Hard cheeses freeze well because they have low moisture content. You could even go ahead and grate it before storage. The good news is that shredded cheese lasts longer in the freezer. If stored properly, it will last as long as the larger blocks.

Below is a chart that summarizes the lifespan of hard cheese to help you enjoy it while its quality is still intact.

Type of Hard Cheese Lifespan
Refrigerator Freezer
Unopened hard cheese chunk Best-by date + 1 to 2 months 7 to 8 months
Opened hard cheese chunk 1 to 2 months 7 to 8 months
Unopened shredded hard cheese Best-by date + 7 days 7 to 8 months
Opened shredded hard cheese 7 days 7 to 8 months

3 Tips to Tell if Hard Cheese Has Gone Bad

Tell if Hard Cheese Has Gone Bad

As with many dairy products, you can easily differentiate between good cheese and one that is spoiled. When it comes to hard cheese, here are some of the signs to look out for.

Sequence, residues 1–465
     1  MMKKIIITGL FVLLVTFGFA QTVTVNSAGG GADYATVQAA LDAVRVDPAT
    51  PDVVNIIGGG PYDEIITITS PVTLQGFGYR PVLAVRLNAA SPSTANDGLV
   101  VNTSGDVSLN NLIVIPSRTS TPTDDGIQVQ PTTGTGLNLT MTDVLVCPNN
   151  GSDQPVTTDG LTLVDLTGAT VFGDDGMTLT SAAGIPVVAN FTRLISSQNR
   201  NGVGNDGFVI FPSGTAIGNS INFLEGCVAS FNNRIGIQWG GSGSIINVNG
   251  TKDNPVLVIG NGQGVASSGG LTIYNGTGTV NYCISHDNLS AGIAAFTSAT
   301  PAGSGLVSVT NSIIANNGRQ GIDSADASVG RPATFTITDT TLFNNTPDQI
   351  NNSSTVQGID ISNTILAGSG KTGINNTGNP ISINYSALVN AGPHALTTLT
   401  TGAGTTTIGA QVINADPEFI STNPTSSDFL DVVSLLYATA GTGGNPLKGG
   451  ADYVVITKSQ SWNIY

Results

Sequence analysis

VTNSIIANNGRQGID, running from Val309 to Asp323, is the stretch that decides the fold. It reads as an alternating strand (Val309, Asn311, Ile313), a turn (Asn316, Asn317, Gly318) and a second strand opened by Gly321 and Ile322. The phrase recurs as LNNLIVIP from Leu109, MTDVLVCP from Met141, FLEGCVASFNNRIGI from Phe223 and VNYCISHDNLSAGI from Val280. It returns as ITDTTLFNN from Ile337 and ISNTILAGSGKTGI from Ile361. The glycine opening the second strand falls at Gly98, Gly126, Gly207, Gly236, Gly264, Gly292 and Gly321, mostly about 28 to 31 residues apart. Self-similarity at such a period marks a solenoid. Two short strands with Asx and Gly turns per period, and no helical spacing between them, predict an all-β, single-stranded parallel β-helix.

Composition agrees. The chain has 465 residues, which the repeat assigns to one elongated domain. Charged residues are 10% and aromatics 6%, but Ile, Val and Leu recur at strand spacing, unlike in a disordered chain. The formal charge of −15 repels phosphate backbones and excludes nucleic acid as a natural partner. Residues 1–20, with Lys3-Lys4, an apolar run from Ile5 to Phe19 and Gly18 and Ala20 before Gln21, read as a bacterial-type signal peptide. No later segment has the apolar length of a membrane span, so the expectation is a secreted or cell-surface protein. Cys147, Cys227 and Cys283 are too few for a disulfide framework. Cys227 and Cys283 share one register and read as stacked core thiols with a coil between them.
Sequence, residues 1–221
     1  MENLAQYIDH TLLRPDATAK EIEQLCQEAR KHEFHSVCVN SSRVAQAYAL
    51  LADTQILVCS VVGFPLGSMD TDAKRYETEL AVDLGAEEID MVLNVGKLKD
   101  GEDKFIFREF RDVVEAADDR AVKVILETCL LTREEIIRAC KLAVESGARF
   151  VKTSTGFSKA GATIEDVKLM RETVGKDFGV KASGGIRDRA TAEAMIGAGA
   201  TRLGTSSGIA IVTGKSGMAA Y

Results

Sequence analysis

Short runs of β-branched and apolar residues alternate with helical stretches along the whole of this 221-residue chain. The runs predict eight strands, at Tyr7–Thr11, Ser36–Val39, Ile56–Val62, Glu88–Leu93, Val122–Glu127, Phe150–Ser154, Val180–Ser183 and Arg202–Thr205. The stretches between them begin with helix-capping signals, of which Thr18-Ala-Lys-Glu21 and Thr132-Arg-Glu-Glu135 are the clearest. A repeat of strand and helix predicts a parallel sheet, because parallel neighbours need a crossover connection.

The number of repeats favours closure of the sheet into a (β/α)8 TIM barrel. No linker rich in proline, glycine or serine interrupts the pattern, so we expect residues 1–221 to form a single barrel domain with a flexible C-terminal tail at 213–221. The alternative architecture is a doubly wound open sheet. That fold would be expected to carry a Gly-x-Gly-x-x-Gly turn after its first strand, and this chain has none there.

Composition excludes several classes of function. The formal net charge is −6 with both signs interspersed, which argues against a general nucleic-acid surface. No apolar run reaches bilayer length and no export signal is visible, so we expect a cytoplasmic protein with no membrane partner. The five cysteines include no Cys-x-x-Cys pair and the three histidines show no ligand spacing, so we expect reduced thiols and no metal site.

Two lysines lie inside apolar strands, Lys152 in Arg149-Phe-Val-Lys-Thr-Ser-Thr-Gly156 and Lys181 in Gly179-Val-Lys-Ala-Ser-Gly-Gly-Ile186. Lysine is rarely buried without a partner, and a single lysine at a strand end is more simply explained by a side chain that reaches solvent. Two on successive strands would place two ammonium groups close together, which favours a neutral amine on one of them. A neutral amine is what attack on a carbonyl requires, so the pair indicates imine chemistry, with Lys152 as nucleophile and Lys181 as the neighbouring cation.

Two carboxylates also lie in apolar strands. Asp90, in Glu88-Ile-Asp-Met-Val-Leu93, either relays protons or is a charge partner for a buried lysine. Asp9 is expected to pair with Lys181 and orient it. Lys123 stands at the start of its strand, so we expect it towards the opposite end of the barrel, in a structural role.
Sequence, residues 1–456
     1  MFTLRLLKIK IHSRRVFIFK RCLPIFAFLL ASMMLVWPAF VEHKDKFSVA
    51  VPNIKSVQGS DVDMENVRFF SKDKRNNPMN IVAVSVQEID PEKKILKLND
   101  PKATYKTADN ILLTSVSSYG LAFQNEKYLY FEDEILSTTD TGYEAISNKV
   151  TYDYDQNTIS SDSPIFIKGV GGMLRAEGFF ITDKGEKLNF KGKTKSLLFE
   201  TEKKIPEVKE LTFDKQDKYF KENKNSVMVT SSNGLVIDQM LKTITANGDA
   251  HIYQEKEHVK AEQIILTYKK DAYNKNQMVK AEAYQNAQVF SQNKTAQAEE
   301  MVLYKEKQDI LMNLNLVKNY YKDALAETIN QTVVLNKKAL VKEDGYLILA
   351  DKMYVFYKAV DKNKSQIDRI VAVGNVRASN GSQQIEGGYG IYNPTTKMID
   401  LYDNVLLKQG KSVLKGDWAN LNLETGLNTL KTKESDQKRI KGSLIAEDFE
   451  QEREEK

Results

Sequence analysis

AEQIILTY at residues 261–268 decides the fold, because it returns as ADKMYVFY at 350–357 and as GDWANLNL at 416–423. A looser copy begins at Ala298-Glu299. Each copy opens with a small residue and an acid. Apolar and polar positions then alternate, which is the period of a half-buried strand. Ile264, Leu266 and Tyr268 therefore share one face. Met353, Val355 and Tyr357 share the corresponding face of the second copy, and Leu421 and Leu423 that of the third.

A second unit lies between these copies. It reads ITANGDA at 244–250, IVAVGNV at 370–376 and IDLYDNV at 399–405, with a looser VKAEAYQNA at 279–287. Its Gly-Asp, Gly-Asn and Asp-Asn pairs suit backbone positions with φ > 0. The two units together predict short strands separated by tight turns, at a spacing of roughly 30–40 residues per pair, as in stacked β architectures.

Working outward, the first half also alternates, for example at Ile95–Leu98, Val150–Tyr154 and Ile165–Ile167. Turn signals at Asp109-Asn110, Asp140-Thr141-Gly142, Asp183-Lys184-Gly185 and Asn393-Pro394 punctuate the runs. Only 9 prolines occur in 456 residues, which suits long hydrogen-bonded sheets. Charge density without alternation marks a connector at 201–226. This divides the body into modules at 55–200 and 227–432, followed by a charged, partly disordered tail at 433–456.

1.    Mold

If you see mold on a block of hard cheese, that is an indication that something is wrong. Inspect the cheese to find out the extent of the damage.

You don’t need to get rid of the whole block if only a small section is moldy. Simply grab a sharp knife and cut out the offending part. Just make sure the knife is not touching the mold so it doesn’t contaminate the rest of the cheese.

For shredded hard cheese, however, getting rid of a moldy section can be a little difficult. If there is mold on such cheese, you will have to toss out the entire container.

2.    Drying Out

Hard cheese may dry out after some time especially if it is not stored correctly. While you may still be able to eat your cheese, you will notice a significant change in quality. But if you are like most people, you will likely not mind the quality change. Just cut off and discard the hardened part and you’re good to go.

3.    Awful Smell and Taste

While the scent and taste of hard cheese may vary from brand to brand, most hard cheese will have strong notes of savory hazelnut and sauteed butter. If yours smells or tastes strange, throw it out.

How About Cheese Crystals?